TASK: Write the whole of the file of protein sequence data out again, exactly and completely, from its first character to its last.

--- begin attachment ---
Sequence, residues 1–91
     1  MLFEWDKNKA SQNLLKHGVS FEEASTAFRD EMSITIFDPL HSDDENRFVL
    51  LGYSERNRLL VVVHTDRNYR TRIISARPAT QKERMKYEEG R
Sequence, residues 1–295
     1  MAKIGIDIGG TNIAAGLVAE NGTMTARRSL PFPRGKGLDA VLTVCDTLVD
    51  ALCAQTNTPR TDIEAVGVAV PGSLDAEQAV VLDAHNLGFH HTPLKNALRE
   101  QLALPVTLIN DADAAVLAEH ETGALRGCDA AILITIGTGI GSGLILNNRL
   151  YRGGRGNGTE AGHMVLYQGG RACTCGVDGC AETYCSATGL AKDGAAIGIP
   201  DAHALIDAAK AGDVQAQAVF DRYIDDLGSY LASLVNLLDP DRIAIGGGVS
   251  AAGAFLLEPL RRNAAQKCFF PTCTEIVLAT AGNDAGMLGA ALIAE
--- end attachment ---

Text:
Sequence, residues 1–91
     1  MLFEWDKNKA SQNLLKHGVS FEEASTAFRD EMSITIFDPL HSDDENRFVL
    51  LGYSERNRLL VVVHTDRNYR TRIISARPAT QKERMKYEEG R
Sequence, residues 1–295
     1  MAKIGIDIGG TNIAAGLVAE NGTMTARRSL PFPRGKGLDA VLTVCDTLVD
    51  ALCAQTNTPR TDIEAVGVAV PGSLDAEQAV VLDAHNLGFH HTPLKNALRE
   101  QLALPVTLIN DADAAVLAEH ETGALRGCDA AILITIGTGI GSGLILNNRL
   151  YRGGRGNGTE AGHMVLYQGG RACTCGVDGC AETYCSATGL AKDGAAIGIP
   201  DAHALIDAAK AGDVQAQAVF DRYIDDLGSY LASLVNLLDP DRIAIGGGVS
   251  AAGAFLLEPL RRNAAQKCFF PTCTEIVLAT AGNDAGMLGA ALIAE